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Phytogenics for Sows: Beyond the Expected Performance

by 5m Editor
19 June 2012, at 12:00am

Phytogenics as powerful feed additives have more to offer than performance enhancements, according to Ahmed Aufy of Biomin.

Lactation is a stressful time in a sow’s life, when sufficient amounts of milk have to be produced to meet the needs of newborn piglets. There is no question that sows will lose weight during lactation because of protein and energy deficits. Consequently, sows will have longer wean-to-oestrus period and this effect will extend to the next farrowing, resulting in a pronounced reduction in the number of weaned piglets per litter and also litter weaning weight.

Feed intake is considered a limiting factor of sows’ productivity, and producers therefore always offer unrestricted amounts of fresh feed. In practice, some farms do restrict feed in the first week to avoid some health complications, e.g. constipation, but several studies have shown that even for short periods, feed restriction has a negative impact on the performance of sows as well as newborn piglets.

Sufficient feed intake means sufficient milk production and higher milk availability for the piglets. As the vast majority of postnatal mortality is due to lower milk production and piglets after birth are known to have insufficient stored energy in their bodies, it is critical that this energy should come from immediate milk consumption.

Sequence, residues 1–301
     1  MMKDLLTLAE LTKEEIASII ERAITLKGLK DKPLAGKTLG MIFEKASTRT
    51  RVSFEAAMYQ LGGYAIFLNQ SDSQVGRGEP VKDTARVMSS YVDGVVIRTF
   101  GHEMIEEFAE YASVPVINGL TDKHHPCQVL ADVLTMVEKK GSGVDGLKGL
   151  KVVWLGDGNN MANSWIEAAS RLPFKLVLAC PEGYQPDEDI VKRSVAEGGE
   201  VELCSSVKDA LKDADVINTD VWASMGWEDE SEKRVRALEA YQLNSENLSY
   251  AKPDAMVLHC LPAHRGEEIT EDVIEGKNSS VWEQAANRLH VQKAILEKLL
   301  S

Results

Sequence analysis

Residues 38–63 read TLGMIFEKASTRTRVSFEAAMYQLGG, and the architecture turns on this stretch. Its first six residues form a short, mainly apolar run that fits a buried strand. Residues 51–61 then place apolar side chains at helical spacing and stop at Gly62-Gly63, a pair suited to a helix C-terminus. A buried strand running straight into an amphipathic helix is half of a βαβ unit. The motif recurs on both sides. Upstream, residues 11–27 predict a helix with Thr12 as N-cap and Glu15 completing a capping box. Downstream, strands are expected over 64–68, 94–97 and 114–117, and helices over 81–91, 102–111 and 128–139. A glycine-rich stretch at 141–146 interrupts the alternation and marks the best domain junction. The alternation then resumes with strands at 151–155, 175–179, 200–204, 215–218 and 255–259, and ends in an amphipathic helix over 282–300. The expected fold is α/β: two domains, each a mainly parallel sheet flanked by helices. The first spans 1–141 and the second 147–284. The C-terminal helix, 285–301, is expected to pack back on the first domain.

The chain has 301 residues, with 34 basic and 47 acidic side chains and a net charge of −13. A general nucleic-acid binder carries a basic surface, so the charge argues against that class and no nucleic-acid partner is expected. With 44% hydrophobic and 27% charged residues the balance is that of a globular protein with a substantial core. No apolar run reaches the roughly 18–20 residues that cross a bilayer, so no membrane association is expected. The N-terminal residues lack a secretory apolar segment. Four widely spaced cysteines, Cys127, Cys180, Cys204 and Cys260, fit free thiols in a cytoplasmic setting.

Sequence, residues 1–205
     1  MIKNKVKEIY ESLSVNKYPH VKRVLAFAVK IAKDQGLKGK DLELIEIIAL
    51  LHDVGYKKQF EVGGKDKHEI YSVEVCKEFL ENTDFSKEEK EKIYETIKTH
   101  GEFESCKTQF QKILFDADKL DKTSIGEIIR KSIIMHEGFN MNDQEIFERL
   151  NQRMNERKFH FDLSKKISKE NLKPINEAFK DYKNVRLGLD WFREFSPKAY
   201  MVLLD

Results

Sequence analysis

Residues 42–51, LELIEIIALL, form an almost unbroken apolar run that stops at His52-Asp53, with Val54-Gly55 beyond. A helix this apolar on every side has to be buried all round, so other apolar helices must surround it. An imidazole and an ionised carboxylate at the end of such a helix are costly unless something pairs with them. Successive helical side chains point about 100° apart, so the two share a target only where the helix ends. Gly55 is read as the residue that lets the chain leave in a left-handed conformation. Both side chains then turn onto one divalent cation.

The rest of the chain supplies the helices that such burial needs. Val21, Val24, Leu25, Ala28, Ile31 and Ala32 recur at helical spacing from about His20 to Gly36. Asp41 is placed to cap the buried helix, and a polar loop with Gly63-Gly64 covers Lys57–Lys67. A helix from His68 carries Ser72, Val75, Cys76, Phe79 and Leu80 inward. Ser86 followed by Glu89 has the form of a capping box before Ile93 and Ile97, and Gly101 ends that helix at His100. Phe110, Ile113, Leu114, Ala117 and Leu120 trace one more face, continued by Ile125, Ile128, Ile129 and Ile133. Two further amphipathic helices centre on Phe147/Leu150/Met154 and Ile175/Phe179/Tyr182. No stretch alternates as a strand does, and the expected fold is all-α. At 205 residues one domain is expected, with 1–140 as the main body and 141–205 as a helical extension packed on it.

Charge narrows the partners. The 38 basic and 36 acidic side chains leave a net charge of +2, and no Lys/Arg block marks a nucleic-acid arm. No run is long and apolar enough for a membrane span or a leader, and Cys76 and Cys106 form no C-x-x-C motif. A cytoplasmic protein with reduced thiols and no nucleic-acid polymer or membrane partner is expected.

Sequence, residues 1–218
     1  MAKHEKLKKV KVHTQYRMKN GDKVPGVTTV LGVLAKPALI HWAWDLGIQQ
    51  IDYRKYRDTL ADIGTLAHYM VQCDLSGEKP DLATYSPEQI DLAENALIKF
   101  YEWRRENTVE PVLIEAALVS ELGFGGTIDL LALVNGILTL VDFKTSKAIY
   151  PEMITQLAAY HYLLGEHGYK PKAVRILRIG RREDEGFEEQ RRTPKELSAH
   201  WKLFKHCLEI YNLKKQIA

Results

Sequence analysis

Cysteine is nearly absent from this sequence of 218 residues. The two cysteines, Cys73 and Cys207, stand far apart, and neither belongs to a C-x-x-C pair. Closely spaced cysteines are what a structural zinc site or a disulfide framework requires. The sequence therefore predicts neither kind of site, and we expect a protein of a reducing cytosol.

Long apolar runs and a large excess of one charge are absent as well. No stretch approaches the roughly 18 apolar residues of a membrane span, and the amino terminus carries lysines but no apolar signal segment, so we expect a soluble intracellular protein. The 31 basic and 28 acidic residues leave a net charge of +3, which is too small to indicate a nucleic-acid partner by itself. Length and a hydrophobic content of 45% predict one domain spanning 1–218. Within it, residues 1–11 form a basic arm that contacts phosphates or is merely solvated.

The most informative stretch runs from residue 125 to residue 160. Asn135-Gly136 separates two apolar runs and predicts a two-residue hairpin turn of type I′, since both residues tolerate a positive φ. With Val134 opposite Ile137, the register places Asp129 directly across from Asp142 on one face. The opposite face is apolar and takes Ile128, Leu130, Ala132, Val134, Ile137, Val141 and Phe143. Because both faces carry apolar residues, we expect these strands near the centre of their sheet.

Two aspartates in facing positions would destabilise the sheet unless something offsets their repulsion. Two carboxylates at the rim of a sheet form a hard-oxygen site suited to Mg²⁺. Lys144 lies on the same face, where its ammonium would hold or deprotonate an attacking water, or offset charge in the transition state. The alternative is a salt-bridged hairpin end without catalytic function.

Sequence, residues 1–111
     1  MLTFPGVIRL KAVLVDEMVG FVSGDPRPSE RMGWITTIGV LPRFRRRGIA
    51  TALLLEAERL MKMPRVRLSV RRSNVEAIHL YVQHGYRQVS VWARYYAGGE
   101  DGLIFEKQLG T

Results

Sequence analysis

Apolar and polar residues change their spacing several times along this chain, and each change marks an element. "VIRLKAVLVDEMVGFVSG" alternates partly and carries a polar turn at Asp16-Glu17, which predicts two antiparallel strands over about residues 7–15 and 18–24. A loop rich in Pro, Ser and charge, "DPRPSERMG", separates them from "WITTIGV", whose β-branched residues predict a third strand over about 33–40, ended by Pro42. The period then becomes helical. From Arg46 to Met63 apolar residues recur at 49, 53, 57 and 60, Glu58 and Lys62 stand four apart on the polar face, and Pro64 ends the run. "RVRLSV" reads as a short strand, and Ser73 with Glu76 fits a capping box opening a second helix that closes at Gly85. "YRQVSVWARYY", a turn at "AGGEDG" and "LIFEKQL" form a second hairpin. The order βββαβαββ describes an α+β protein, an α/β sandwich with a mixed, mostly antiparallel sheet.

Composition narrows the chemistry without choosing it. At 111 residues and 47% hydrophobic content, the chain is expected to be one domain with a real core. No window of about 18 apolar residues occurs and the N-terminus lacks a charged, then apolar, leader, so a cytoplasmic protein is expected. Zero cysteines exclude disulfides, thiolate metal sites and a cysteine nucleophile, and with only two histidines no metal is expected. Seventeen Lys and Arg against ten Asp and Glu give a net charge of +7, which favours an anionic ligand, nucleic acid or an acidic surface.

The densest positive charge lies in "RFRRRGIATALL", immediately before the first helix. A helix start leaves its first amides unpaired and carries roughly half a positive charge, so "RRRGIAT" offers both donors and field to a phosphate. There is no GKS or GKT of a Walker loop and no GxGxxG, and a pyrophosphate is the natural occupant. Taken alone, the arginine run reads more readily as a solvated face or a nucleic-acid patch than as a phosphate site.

Some antibiotics have been shown to increase feed intake slightly during lactation and hence decrease losses in body weight. Unfortunately, the use of antibiotics could not do any more than that, and their usage is currently limited by consumer demands and preferences for antibiotic-free meat.

Due to their nature, phytogenic feed additives have been shown to exert several positive effects in different animal species. Specifically for swine, phytogenics have been proven to increase feed palatability and hence feed consumption. Moreover, phytogenics are known to optimise gut microflora, leading to higher nutrient uptake (digestibility) and relief from the immune stress due to the high pathogenic load.

Several trials have shown that phytogenics can help sows in lactation periods by reducing body weight loss and ensuring a successful weaning period for piglets. It was clear that supplementing feed with phytogenics can result in enormous improvements in different parameters compared with untreated sows. Feed intake was improved by about 10 per cent. Consequently, sows fed phytogenics had 6.6 per cent more piglets born alive, 3.6 per cent heavier weight at birth, 8.6 per cent more piglets weaned per litter, 9.0 per cent heavier litters at weaning, lower mortality and most interestingly, a 45 per cent reduction in body weight loss during lactation.

The author concludes that phytogenic feed additives serve as a powerful tool in feed that can improve sow performance. This leads to better performance for piglets and enables sows to reach the next oestrus more quickly because of the reduced loss in body weight.

Phytogenics as powerful feed additives have more to offer than performance enhancements. Human food safety is an additional important benefit for phytogenics as there is neither toxicity nor resistance known for such functional compounds. A win-win strategy between producers and customers can thus be achieved.

June 2012